Bitwise operators Part 1

How many times last year did you use it? How many times did you hear this statement: “It’s not practical, no one uses it!”? How many times did you write complex “if and elses” to solve simple problems?

Think about the relationship between these questions! What if I tell you that the “not practical” thing will solve your problem and turn your complex and, many times, ugly code, in a simple and elegant one?

Let me introduce you to an old friend: the bitwise operators!

According to the MPN website:

Bitwise operators treat their operands as a sequence of 32 bits (zeroes and ones), rather than as decimal, hexadecimal, or octal numbers. For example, the decimal number nine has a binary representation of 1001. Bitwise operators perform their operations on such binary representations, but they return standard JavaScript numerical values.

https://developer.mozilla.org/en-US/docs/Web/JavaScript/Reference/Operators/Bitwise_Operators

Said that, it’s time for a great, yet simple, example that, I hope, it’ll open your mind to bitwise operators!

The problem

Your application must deal with some statuses of a thing, for example, a document status, or membership permission, and, the user can perform some actions under one or more conditions.

What I propose is: create and store the statuses and write the method which will authorise or deny the action based on the state of the thing.

To do this, I’ll use Javascript to keep it simple and to be on par with the modern web/app development. We’ll create a simple UI to run and test our hypothesis!

Creating the project

I’ll use the Visual Studio Code as the text editor and, if it is also your choice, I’ll also use the Live Server Extension from Ritwick Dey.

To make the UI code easier, I’ll use Bootstrap.

The folder and the git

There are several ways to do this, and I’ll do it the more accessible and visual way to do it!

Using the Windows Explorer, create a folder and open it.

Right click and choose: ‘Open with Code‘! Easy!

Right click and… Open with Code!

This is what you’ll see:

Welcome to Code

Now, open the integrated terminal using the CTRL + ` (control + backtick) command and execute the command:

git init

In time, if you don’t have the git installed on youre machine, you can download it from here: https://git-scm.com/downloads.

This command will initialise the git repository on your machine and, if you want to share your creation, it’ll be easier to push to a GitHub repository!

The git init command

Apparently, nothing happened but, if you open the folder (pro tip: on Windows, Shift + Alt + R to open the Windows Explorer and see the folder), you’ll see a hidden folder named ‘.git’. This is the indication your git is initialised.

The git is initialised

Creating the first files and testing the ‘Live Server’

The goal in this section is to test the live server and check how we’ll code and test when coding our POC (Proof of Concept).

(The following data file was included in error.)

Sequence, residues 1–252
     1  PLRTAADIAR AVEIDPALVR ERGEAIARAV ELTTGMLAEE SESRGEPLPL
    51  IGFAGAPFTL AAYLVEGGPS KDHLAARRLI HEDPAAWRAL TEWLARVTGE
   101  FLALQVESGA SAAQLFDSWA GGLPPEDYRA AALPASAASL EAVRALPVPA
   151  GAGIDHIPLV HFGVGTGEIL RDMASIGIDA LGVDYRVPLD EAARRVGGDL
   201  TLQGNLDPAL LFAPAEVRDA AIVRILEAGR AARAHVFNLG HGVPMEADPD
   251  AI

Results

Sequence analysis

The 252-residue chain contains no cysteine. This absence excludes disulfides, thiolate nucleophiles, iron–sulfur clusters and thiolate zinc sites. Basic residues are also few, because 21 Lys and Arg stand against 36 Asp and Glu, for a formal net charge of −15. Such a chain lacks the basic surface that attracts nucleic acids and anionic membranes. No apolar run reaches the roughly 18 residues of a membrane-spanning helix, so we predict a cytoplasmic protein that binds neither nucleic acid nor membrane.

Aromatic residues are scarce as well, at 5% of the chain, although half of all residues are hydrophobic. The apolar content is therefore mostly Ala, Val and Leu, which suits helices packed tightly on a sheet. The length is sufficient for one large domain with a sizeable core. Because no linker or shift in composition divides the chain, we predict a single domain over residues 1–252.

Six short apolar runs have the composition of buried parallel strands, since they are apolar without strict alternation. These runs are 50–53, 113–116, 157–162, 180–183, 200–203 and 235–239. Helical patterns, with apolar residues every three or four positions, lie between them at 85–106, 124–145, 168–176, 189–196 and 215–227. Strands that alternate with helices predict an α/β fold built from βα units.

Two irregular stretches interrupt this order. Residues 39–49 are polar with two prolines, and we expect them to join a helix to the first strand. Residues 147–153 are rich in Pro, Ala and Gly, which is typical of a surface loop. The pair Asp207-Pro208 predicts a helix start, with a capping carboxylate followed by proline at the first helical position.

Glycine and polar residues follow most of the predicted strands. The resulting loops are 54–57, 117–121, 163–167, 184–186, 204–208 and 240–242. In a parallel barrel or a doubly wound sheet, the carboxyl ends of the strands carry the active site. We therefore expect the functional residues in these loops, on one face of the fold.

Creating a file is pretty easy! Type Ctrl + N, and then, Ctrl + S. A ‘Save as’ window will pop up, and you should check:

  1. You’re saving in the right folder, and;
  2. Name it as ‘index.html’.
Saving the first file

Now, you have an empty HTML file, and you’ll want start to code! To do this, we’ll use a feature which is natively enabled on VS Code: Emmet!

According its website,

Emmet is a web-developer’s toolkit that can greatly improve your HTML & CSS workflow.

https://docs.emmet.io

Using Emmet, is pretty easy to scaffold an HTML page, simply type ! + tab to automatically do it.

Emmet in action!

Press tab to cycle through the possibilities and, on the title, write a meaningful one.

Scaffolding result

Now, it’s time to check the Live Server and realise how it’ll speed our code! To do this, follow these 2 simple steps:

  1. Right click on the HTML page;
  2. Click on Open with Live Server.
Starting the Live Server

It’ll open your default browser and open your HTML page. Put it side-by-side with your text editor to see it in action.

Note the red arrow; it points to the Live Server disable button. Clicking on it will stop the Live Server, and you won’t be able to run your page.

Live Server in action

But how the Live Server can help us? It merely reloads your webpage every time you save the HTML or Javascript page! To test it, open the console on the browser, write something on the HTML and save. The page will reflect what you did.

Live Server reloading the page

Now, it’s time to test the Javascript! The process, as you already did it with the HTML, is straightforward:

  1. Ctrl + N to create a new file;
  2. Ctrl + S to save a file naming as index.js;
  3. Code something as, console.log(‘Hey’);
  4. On the index.html, put a reference to the index.js file;
  5. Save!
Testing the JS file

You’ll see at the console your log (please see the nbr. 1)!

Here, I must tell you something about the second line on the console. It is related to the Web Activities Extension from Microsoft.

I use it to make my Chrome usage available on Windows 10 Task View, so, you’ll notice I’ll filter the console logs writing the JS file name in the filter. You don’t need to do this! I’ll do to clean the clutter and only show the important things.

Filtering the JS logs

Now our POC base is ready! It’s an excellent time to commit and save the ‘base’!

Stay tuned to follow this POC and Happy Coding!

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